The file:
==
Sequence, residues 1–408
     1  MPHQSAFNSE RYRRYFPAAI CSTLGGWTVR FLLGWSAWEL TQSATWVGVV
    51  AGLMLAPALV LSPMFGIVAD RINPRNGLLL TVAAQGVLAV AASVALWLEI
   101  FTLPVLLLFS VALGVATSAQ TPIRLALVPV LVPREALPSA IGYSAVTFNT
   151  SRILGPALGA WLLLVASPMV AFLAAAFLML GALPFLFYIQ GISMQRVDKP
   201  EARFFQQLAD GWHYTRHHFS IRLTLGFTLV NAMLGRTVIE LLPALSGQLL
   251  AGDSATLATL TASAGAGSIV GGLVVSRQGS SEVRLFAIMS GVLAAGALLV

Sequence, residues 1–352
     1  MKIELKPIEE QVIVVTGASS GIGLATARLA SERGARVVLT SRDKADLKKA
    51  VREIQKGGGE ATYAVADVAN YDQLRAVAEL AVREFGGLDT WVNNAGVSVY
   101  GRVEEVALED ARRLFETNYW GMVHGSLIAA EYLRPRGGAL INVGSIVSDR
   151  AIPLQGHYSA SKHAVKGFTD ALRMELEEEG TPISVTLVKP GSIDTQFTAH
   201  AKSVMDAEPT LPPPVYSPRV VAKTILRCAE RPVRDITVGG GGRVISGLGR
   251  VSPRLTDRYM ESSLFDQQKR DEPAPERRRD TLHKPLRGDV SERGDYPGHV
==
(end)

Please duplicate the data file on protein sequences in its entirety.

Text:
Sequence, residues 1–408
     1  MPHQSAFNSE RYRRYFPAAI CSTLGGWTVR FLLGWSAWEL TQSATWVGVV
    51  AGLMLAPALV LSPMFGIVAD RINPRNGLLL TVAAQGVLAV AASVALWLEI
   101  FTLPVLLLFS VALGVATSAQ TPIRLALVPV LVPREALPSA IGYSAVTFNT
   151  SRILGPALGA WLLLVASPMV AFLAAAFLML GALPFLFYIQ GISMQRVDKP
   201  EARFFQQLAD GWHYTRHHFS IRLTLGFTLV NAMLGRTVIE LLPALSGQLL
   251  AGDSATLATL TASAGAGSIV GGLVVSRQGS SEVRLFAIMS GVLAAGALLV

Sequence, residues 1–352
     1  MKIELKPIEE QVIVVTGASS GIGLATARLA SERGARVVLT SRDKADLKKA
    51  VREIQKGGGE ATYAVADVAN YDQLRAVAEL AVREFGGLDT WVNNAGVSVY
   101  GRVEEVALED ARRLFETNYW GMVHGSLIAA EYLRPRGGAL INVGSIVSDR
   151  AIPLQGHYSA SKHAVKGFTD ALRMELEEEG TPISVTLVKP GSIDTQFTAH
   201  AKSVMDAEPT LPPPVYSPRV VAKTILRCAE RPVRDITVGG GGRVISGLGR
   251  VSPRLTDRYM ESSLFDQQKR DEPAPERRRD TLHKPLRGDV SERGDYPGHV